Florida panthers normally live in remote, undeveloped areas in South Florida. They are fairly reclusive and primarily move at night. However, as the population grows, the may be increased chances of an encounter. Florida panthers will typically avoid a confrontation, but you should always be alert. If you do encounter a panther, give it ample room to escape and do not attempt to run. Running may stimulate a panther’s instinct to chase, so it’s best to stand and face the animal. When planning any outdoor adventure, it’s a good practice to let friends or family know your whereabouts and when you expect to return. Better yet, take a friend with you.
Five species of venomous spiders occur in Florida: the southern black widow, northern black widow, red widow, brown widow and brown recluse. Most of these spiders like to take up residence in or under objects where their presence isn’t obvious, such as in rotted logs or piles of firewood. Anyone bitten by a spider should preserve it in rubbing alcohol for positive identification. Most spider bites are not considered dangerous, but if you suspect one of the widow or brown recluse spiders, get medical attention immediately.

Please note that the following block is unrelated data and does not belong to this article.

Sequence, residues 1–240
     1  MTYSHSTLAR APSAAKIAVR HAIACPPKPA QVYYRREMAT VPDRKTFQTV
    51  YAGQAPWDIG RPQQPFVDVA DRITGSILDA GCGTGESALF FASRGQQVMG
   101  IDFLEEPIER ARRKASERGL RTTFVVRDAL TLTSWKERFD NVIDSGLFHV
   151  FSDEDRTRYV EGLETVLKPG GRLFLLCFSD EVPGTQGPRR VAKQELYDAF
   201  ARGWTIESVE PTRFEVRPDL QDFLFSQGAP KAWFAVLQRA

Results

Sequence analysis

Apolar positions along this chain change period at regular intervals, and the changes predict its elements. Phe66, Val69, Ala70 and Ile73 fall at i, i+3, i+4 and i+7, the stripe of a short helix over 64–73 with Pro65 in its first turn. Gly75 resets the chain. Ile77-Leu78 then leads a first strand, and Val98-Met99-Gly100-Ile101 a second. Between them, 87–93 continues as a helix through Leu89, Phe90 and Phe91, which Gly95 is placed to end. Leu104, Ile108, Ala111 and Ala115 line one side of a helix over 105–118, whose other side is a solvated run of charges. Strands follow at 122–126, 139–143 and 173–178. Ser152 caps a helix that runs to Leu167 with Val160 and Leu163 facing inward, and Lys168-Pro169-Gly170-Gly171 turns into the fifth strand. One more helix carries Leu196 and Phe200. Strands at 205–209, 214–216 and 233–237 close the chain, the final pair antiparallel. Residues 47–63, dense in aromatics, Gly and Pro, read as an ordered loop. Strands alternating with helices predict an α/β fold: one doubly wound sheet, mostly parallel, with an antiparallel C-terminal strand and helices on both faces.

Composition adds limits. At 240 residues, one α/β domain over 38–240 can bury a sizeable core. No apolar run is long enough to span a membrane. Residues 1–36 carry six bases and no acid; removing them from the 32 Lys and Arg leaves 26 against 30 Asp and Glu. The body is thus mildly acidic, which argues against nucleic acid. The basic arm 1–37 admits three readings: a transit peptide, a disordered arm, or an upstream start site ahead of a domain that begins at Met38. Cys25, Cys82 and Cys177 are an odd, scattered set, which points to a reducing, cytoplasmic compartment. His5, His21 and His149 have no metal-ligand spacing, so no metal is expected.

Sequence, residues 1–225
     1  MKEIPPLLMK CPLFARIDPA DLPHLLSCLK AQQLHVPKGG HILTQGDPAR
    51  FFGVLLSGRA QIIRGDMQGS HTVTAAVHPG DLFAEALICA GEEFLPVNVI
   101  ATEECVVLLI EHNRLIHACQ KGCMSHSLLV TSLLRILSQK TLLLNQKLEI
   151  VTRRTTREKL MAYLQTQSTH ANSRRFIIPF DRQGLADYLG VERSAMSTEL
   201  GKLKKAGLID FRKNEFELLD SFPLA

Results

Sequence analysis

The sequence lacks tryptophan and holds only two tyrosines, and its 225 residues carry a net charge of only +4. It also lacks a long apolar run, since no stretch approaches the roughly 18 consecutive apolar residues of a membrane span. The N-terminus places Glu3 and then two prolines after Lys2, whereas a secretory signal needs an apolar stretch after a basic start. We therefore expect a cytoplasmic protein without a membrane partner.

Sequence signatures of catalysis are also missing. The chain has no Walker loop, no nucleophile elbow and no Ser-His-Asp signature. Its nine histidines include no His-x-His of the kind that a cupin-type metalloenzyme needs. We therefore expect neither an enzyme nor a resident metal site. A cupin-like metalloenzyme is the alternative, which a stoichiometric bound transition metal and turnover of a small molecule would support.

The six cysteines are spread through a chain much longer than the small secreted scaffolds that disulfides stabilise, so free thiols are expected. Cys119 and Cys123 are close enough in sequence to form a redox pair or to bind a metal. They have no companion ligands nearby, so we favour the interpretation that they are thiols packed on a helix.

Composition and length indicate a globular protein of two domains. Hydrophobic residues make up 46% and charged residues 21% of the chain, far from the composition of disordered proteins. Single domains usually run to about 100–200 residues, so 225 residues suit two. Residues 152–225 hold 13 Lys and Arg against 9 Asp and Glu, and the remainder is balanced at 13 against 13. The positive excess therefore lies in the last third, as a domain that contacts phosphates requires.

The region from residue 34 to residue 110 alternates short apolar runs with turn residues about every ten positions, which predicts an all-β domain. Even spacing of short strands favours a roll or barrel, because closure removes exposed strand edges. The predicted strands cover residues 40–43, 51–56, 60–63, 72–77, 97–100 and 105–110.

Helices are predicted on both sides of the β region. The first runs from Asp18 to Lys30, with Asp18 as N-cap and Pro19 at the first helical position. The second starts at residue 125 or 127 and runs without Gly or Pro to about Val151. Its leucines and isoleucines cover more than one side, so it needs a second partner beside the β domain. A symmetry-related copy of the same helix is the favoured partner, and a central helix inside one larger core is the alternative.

Florida has three species of scorpions, although none of them produce a fatal sting, a scorpion sting can be more painful than a wasp sting. The three species are the slender brown scorpion (also known as the Florida bark scorpion), the Hentz striped scorpion, and the Guiana striped scorpion (found only around Collier, Miami-Dade, and Monroe counties). These arachnids rarely sting humans except when pinned against the skin. The skin near the site of the sting may get sore and swollen. There is antivenom available for severe reactions to scorpion stings, so medical attention is always a good idea.
These invasive pests build large nests in the form of visible dirt mounds on the ground, around trees and stumps, and pretty much anywhere else. Keep an eye out for their nests and avoid stepping on them. They are notorious for their painful, burning stings that result in pustules along with intense burning or itching — lovely, right? These symptoms can persist for up to ten days. If the pustules are broken, infections may occur. Certain people even have allergic reactions to fire ant stings.